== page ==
Millennium Post

Nothing more than a cliché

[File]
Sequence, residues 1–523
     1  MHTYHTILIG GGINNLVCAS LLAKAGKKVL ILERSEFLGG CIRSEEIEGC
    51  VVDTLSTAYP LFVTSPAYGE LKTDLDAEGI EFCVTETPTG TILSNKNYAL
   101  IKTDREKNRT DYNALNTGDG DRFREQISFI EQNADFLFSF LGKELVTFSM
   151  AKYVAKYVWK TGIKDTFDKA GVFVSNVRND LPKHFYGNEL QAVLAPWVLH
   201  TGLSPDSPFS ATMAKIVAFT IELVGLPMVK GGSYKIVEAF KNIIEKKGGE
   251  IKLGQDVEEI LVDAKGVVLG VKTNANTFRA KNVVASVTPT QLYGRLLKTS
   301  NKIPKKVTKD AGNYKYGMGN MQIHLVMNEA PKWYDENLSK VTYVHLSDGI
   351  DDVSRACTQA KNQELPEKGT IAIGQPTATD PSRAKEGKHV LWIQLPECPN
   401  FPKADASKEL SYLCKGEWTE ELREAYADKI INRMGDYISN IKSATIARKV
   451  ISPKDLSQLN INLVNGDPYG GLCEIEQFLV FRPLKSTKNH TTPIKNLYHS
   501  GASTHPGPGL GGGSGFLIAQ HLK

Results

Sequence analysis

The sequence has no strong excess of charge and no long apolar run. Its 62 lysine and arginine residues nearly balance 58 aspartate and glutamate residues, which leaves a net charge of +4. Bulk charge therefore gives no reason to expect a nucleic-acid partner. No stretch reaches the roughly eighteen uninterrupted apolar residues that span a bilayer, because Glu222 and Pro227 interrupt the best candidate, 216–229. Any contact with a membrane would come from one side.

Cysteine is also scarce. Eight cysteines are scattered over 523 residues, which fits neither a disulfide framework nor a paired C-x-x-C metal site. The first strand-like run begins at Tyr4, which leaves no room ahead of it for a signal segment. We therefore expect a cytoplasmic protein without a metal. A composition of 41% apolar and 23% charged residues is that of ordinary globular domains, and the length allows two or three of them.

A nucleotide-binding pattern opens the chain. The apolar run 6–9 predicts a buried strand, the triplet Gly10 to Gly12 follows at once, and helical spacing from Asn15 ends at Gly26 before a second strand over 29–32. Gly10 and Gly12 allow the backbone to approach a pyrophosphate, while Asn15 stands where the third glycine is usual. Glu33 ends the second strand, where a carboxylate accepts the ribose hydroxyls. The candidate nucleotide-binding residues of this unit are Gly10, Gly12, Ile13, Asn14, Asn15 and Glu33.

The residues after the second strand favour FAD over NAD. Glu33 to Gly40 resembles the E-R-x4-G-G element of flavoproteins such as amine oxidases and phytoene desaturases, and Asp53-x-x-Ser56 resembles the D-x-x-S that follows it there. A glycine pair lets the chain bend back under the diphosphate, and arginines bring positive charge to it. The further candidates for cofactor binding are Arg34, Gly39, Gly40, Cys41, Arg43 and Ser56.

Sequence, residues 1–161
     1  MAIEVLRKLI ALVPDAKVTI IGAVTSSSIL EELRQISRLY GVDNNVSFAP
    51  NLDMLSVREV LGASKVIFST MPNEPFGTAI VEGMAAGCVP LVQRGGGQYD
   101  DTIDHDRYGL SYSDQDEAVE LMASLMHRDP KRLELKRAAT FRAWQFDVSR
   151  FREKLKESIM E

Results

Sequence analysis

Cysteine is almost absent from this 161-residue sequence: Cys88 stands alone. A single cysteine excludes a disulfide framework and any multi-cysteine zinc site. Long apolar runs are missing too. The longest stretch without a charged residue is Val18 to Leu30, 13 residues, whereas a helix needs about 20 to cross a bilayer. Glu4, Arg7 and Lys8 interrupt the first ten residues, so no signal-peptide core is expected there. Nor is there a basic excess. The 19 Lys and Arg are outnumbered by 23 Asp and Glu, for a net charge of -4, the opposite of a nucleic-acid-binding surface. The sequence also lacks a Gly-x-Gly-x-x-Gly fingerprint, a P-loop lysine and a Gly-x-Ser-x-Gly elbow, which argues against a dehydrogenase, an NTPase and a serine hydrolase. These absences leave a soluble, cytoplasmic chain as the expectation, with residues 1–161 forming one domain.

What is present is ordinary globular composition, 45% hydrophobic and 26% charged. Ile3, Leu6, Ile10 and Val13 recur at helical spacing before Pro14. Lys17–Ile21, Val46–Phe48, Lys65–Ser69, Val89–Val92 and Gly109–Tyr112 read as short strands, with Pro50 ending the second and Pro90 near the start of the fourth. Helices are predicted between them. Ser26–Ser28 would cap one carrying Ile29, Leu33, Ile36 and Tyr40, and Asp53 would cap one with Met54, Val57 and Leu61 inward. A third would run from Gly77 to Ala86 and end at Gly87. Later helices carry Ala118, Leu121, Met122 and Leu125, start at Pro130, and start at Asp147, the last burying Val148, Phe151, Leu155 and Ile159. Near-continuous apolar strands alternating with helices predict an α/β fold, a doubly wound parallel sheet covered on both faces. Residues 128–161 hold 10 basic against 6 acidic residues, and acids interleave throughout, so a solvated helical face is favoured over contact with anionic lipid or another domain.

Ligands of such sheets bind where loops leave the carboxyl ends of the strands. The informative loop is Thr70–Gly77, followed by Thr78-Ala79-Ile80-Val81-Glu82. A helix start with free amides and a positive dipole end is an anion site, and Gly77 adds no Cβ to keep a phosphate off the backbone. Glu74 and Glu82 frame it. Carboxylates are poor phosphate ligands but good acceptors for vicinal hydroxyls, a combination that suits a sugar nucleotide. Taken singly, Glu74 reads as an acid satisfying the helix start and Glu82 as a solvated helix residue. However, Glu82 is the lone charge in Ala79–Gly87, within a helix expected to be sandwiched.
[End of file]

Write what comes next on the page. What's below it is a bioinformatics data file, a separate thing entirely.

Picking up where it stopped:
Suraj, an orphan works three shifts a day and is perpetually in a bad mood. The unsmiling, brooding character breaks out of his shell when he meets the jovial and chirpy visionless, Jenny and experiences a sense of purpose and love in life . It’s yet another love story which is impossible without overcoming obstacles. Suraj opts back to being an MMA fighter and this time in a freestyle, illegal fight where combat ends with the breath of one of the fighters to get enough money to bring back Jenny’s vision. The incident takes him away from his lover . Fate makes them meet again six months later when he lands in the same hospital, where Jenny is working as a physiotherapist. The too much of fate factor is exasperating which only adds a touch of unrealism. The movie has an emotional angle, when Suraj who is disguised recognises Jenny but she fails to do so which makes the leading man shed tears at the loss of his love and so does the audience but for obviously different reason (Deepak Tijori’s impeccable direction). The run time of the movie is 128 minutes but it feels like a few more hours added to infinity, however, dozing off will help undergo the process of watching it; the movie can be easily predicted after a few scenes. A tepid and an insipid script is not the cause of disappointment but Tijori’s inability to cast a good chemistry between the lead pair makes the movie unwatchable. Hooda manages to infuse life and energy into his character, brooding, guilt ridden yet with strenousity his body language depicts it all. Aggarwal by enacting a blind girl, beautifully captures Jenny’s chirpiness and looks adorable in every frame. ‘Jo Jeeta Wohi Sikandar’ fame actor, Maimak Singh enacts the role of Suraj’s trainer and does justice to the character. However ,Suraj flexing off his well muscled body in the movie boxing bits and the action is worth watching and the effect is enhanced by great cinematography by Mohana Krishna.
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